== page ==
But there’s some good news for parents who want to help their children keep student loans to a minimum. By opening a tax-advantaged college savings plan for your child, you can drastically reduce the amount of money they’ll need to borrow in the future, making it a lot easier to pay off their student loans once they graduate.
These accounts are quite literally investment accounts specifically designed to provide for college expenses. You choose your investments, invest the money that you can, and allow it to grow. Then, once your child is accepted to college or a trade school, you can access the money tax-free to cover everything from tuition to room and board, textbooks, and other supplies.
If you were to invest your food waste savings for 18 years, and it earned eight percent a year, when your newborn child was ready to go to school in 18 years you’d be able to help them out with almost $65,000.
4. Use it to pay down your debt
Okay, so this one should be obvious, but just in case it isn’t: Whether you’ve got credit card debt, a mortgage, or, ahem, student loans, funneling the money you save by throwing away less food into paying down your debt can have a really big impact on your debt repayment strategy.
Need some numbers to put that all into perspective? If you’ve got a $28,000 student loan with an interest rate of 6.8%, and a minimum monthly payment of $331, it would take you 10 years and $38,396 to pay the loan off. And $10,233 of that would be in the form of interest.
If you were to pay an extra $133.33 each month (the amount you’d save by reducing your food waste by $1,600 each year) you’d pay $464.33 each month. That would shave nearly 4 years and $3,857 of interest off of your student loan repayment.
Don’t have student loans? First of all, lucky you. But the principle holds true to any kind of debt, and can mean even bigger savings. Let’s take credit cards as an example. Let’s say you’ve got $10,000 on your credit card, an interest rate of 15%, and you pay a minimum monthly payment of $250. In this scenario, it’d take you 56 months to pay off your credit card, and you’d pay a total of $14,000—and $3,950 of that would be in interest!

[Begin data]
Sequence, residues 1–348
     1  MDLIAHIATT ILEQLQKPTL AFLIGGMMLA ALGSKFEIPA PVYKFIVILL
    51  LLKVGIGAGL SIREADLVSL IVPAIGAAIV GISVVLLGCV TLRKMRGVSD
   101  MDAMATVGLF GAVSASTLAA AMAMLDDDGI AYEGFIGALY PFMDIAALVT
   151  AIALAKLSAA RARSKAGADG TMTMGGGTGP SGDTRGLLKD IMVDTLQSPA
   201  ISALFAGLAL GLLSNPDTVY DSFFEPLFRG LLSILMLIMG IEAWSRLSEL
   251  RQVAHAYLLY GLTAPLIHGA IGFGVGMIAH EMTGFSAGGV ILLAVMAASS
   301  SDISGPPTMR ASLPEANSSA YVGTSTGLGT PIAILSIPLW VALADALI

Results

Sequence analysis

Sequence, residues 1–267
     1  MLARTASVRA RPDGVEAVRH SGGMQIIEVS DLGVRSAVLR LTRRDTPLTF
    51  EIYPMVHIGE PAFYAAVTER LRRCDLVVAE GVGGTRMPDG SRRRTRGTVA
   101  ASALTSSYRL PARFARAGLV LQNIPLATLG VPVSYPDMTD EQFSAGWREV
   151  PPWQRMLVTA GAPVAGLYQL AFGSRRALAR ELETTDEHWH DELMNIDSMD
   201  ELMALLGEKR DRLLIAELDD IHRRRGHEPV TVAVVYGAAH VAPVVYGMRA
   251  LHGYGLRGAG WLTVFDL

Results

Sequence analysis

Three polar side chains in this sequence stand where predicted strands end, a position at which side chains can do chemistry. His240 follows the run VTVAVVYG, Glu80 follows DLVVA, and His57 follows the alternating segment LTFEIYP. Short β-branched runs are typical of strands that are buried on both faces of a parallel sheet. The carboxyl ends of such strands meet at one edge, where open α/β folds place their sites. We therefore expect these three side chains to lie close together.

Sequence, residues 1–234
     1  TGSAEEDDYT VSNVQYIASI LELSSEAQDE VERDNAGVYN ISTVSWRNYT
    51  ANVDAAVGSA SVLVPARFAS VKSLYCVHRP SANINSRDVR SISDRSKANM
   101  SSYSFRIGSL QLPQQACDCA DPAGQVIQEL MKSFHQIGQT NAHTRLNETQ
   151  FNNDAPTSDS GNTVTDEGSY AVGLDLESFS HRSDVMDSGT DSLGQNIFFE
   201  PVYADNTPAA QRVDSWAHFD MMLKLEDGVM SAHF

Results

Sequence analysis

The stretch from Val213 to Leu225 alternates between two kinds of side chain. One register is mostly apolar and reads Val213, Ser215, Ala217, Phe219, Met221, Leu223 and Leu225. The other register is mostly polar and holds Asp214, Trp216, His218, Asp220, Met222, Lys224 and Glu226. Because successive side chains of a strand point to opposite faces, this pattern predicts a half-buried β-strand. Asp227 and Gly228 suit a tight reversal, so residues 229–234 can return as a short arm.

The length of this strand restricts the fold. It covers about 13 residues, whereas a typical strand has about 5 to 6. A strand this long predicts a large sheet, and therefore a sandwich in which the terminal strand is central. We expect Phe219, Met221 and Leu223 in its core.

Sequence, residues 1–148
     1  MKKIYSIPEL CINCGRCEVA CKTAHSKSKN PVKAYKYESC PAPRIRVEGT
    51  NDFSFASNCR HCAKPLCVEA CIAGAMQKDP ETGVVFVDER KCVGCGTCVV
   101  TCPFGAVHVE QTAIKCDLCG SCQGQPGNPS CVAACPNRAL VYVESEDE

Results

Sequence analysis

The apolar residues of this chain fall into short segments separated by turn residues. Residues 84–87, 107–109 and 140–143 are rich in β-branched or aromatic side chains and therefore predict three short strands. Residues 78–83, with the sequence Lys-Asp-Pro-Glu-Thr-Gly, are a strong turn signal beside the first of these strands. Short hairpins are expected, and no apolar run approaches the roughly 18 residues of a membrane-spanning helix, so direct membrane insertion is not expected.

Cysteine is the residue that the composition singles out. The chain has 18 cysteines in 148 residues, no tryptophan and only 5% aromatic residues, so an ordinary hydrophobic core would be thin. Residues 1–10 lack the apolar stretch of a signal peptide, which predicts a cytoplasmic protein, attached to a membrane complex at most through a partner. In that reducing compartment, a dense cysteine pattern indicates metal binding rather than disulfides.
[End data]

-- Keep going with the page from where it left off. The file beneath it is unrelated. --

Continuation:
On the other hand, if you were to pay an extra $133.33 each month (for a total monthly payment of $383.33) you’d pay the credit card off in 32 months and pay a total of $12,267. Only $2,179 of that would be interest—a savings of $1,771.
(Check out this awesome calculator at Credit Karma to run your own debt repayment numbers!)
5. Use it to have a little fun
Okay, fiscal responsibility is nice and all, but sometimes you need to have a little fun with your money. An extra $1,600 a year can go a long way in helping to make life a little more fun and exciting.
By simply reducing your food waste, you could buy a new camera for some *professional* Insta posts, veg out in front of the latest gaming system, take a two-week trip to Thailand, or do countless other things. And all you have to do is make some smarter choices when you go shopping.
How to Get There
Ready to start reducing the amount of food you and your family wastes so that you can help make the planet, and your wallet, a little happier? That’s great! It’s important that you keep in mind that you won’t necessarily have to do anything drastic to get there. With a few simple strategies, you could easily hit your goals of wasting less food:
- Shop with a specific recipe or meal in mind, so that everything you buy is accounted for. This will keep you from making spur of the moment purchases (like me and my kale) that just rot in the fridge.
- Prep fresh produce and freeze it while it’s still fresh, if you don’t think you’re going to be able to use it before it goes bad. Foods like onion, garlic, herbs, and other veggies are perfect for this.
- Hold onto your food scraps (bones from meat, vegetable roots and peels, etc.) in the freezer and use it to make free and delicious stock.
- Cook less food. If you find that you’re throwing away a lot of leftovers at the end of each week, then you’re probably just cooking too much food at once. All those small scoops of mashed potatoes, half-servings of rice, etc. start to add up, and by cooking less you’ll find that you can save a lot of money over the course of a year.